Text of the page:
Now Ben, named after the vacuous Mulroney II one presumes, has a gold-plated free lunch lined up for himself, in no way corresponding to his talent, merely connections. College on $100K a year? Not too shabby when considering the thousands of people kenney dumped into penury and UI. Soon we’ll be hearing the Con carney bark from him, devoid of any knowledge of personal hard times of course, so it’ll be some vapid nonsense with no basis in reality but hate-manufactured horse manure instilled by that senior intellectual father of his.

    Basic economics has long argued for a 100% inheritance tax so as to avoid some clueless clod of an offspring inheriting wealth. Every person for themselves in the competition of life. This idea was first laid on me by a Texan studying for his PhD at the London Scool of Economics fifty years ago when I was there for a master’s in mechanical engineering. That young gentleman wasn’t exactly a socialist either. But the biggies of business and conservatism seem to think their offspring a chip off the block and worthy of a leg up, so despite the conservative purity of making everyone responsible for their own success in life based on their personal abilities, your real life Con gives their greed and game away by dismissing such pure economic theory – gotta have Genius Mark Two start out in abject luxury as and when possible.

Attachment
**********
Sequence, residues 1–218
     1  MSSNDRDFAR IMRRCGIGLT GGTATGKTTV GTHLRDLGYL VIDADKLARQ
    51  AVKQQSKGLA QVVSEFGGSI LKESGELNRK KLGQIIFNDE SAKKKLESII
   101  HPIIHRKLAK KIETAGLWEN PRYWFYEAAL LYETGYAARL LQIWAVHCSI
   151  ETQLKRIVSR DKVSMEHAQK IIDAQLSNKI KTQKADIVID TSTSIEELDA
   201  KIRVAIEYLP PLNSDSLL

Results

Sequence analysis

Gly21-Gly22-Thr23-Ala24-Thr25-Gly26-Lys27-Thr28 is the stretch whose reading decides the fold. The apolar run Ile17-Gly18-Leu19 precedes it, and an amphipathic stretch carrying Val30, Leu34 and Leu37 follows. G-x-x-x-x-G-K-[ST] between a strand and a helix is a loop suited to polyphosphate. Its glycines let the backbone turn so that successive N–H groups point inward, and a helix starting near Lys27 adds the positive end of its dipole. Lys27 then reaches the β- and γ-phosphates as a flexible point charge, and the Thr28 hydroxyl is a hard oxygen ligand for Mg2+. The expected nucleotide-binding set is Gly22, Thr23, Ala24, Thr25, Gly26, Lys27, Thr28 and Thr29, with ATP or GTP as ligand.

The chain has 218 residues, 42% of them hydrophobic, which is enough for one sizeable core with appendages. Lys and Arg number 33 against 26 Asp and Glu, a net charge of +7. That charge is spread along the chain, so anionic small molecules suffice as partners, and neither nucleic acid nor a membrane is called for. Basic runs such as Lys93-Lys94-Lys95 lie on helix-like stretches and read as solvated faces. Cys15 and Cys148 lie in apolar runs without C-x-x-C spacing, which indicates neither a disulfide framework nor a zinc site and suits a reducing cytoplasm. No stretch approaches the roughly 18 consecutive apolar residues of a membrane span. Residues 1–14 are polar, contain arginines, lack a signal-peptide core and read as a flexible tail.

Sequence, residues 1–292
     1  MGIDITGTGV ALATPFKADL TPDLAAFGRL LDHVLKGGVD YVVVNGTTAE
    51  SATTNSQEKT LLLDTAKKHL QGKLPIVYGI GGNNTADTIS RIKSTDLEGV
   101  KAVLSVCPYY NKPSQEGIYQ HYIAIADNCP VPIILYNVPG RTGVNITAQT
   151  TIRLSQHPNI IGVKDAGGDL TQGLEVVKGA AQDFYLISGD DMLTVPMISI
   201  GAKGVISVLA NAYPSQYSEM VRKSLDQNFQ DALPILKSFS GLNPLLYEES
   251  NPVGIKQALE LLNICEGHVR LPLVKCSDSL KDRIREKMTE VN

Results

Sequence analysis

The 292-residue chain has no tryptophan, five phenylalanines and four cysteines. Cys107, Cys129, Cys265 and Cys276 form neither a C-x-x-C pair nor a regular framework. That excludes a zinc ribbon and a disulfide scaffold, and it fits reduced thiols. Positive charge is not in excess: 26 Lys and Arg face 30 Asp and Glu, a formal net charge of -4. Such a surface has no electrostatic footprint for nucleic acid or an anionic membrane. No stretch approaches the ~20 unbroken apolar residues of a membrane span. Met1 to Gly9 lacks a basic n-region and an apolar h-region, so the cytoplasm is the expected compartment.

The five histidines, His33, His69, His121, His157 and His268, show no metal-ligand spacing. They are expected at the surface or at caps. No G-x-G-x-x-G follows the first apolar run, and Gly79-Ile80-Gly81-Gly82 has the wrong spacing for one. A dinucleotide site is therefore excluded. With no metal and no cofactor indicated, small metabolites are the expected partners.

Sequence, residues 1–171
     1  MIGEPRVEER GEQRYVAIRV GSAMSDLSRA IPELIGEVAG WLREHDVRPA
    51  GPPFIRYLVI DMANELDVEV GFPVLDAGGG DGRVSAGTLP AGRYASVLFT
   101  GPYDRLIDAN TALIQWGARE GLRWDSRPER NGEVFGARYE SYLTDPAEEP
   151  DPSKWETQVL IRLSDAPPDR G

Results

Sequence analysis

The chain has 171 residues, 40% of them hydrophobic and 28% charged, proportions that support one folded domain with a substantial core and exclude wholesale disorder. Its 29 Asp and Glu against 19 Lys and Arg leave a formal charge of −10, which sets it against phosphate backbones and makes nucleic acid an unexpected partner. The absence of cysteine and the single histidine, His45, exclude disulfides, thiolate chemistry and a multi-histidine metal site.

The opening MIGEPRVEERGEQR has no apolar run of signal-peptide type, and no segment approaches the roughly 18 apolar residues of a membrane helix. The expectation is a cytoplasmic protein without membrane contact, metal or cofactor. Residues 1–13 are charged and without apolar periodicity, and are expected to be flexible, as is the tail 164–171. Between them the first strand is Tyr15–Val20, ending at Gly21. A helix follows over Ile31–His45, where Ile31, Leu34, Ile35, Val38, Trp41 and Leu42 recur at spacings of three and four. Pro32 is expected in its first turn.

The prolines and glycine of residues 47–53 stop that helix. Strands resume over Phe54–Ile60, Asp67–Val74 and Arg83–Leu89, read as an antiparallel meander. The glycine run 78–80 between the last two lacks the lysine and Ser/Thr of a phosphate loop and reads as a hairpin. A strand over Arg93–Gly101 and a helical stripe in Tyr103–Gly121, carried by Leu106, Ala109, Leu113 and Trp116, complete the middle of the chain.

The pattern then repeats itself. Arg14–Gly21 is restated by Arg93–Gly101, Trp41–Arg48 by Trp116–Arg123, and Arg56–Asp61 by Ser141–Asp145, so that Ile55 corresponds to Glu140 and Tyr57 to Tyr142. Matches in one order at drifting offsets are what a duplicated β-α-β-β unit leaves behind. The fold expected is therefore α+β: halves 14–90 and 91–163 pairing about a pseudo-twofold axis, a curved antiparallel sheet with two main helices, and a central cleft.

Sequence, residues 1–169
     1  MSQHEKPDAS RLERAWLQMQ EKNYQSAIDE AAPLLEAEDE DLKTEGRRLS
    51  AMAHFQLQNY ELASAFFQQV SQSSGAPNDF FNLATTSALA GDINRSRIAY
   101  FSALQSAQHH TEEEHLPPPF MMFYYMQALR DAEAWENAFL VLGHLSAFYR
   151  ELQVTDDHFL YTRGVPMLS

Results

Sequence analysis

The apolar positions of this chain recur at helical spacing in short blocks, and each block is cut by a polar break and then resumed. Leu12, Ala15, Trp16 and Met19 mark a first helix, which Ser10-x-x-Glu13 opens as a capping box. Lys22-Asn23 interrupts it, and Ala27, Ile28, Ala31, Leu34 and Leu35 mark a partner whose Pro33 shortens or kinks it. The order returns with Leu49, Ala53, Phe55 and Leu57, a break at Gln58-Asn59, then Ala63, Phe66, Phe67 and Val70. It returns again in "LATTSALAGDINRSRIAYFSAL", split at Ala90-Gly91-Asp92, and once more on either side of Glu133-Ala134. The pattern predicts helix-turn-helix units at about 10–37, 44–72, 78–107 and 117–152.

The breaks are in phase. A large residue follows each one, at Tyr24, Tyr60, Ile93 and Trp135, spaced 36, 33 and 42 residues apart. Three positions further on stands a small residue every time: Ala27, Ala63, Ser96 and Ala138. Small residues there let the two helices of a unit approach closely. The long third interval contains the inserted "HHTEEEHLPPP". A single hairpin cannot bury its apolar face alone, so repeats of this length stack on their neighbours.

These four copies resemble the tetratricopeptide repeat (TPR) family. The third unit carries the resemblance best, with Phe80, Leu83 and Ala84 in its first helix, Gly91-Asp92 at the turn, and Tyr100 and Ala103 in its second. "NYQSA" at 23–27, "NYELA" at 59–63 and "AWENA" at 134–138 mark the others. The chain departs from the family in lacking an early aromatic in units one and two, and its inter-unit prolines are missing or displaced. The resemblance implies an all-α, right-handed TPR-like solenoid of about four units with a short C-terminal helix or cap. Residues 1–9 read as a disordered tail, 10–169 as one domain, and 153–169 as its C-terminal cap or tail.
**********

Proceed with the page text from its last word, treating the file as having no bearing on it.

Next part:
Welcome to the skewed and gilded life of the offspring of a snarling big time Con meanie with autocratic leanings aspiring to the North Korean view, young Ben. No doubt you’ll soon regard yourself as superior to the common drudge, if you don’t already through family osmosis. The rest of us can only thank our lucky stars that jason the kenney has been a lifelong “it”.

    1. “…in between singing off-key old Beatle tunes…”

      Malcolm, the cat’s out of the bag. You viewed the October 3, 2009 YouTube video of our P.M. banging away on the 88s and attempting to croon. Then you checked the comments.
      “I love how he is putting forth a serious effort and everyone starts laughing their asses off.”